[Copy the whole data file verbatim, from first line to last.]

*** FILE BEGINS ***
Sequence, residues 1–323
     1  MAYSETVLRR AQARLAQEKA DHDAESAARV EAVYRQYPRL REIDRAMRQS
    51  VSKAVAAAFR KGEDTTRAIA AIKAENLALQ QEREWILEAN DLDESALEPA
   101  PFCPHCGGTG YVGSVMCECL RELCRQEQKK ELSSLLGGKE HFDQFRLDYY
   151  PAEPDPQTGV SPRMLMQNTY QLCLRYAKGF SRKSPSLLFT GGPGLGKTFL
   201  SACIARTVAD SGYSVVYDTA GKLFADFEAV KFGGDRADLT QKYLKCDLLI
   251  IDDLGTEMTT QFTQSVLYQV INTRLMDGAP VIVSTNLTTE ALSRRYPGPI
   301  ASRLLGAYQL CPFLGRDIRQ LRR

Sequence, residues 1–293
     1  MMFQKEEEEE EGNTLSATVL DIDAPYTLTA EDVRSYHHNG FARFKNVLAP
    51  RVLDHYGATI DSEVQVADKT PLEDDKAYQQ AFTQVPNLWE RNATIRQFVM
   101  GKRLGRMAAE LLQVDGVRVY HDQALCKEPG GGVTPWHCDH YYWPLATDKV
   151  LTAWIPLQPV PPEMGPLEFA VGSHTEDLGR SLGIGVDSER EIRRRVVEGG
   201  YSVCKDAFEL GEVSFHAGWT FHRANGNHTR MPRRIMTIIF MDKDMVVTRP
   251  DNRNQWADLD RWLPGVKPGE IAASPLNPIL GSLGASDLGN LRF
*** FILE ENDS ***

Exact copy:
Sequence, residues 1–323
     1  MAYSETVLRR AQARLAQEKA DHDAESAARV EAVYRQYPRL REIDRAMRQS
    51  VSKAVAAAFR KGEDTTRAIA AIKAENLALQ QEREWILEAN DLDESALEPA
   101  PFCPHCGGTG YVGSVMCECL RELCRQEQKK ELSSLLGGKE HFDQFRLDYY
   151  PAEPDPQTGV SPRMLMQNTY QLCLRYAKGF SRKSPSLLFT GGPGLGKTFL
   201  SACIARTVAD SGYSVVYDTA GKLFADFEAV KFGGDRADLT QKYLKCDLLI
   251  IDDLGTEMTT QFTQSVLYQV INTRLMDGAP VIVSTNLTTE ALSRRYPGPI
   301  ASRLLGAYQL CPFLGRDIRQ LRR

Sequence, residues 1–293
     1  MMFQKEEEEE EGNTLSATVL DIDAPYTLTA EDVRSYHHNG FARFKNVLAP
    51  RVLDHYGATI DSEVQVADKT PLEDDKAYQQ AFTQVPNLWE RNATIRQFVM
   101  GKRLGRMAAE LLQVDGVRVY HDQALCKEPG GGVTPWHCDH YYWPLATDKV
   151  LTAWIPLQPV PPEMGPLEFA VGSHTEDLGR SLGIGVDSER EIRRRVVEGG
   201  YSVCKDAFEL GEVSFHAGWT FHRANGNHTR MPRRIMTIIF MDKDMVVTRP
   251  DNRNQWADLD RWLPGVKPGE IAASPLNPIL GSLGASDLGN LRF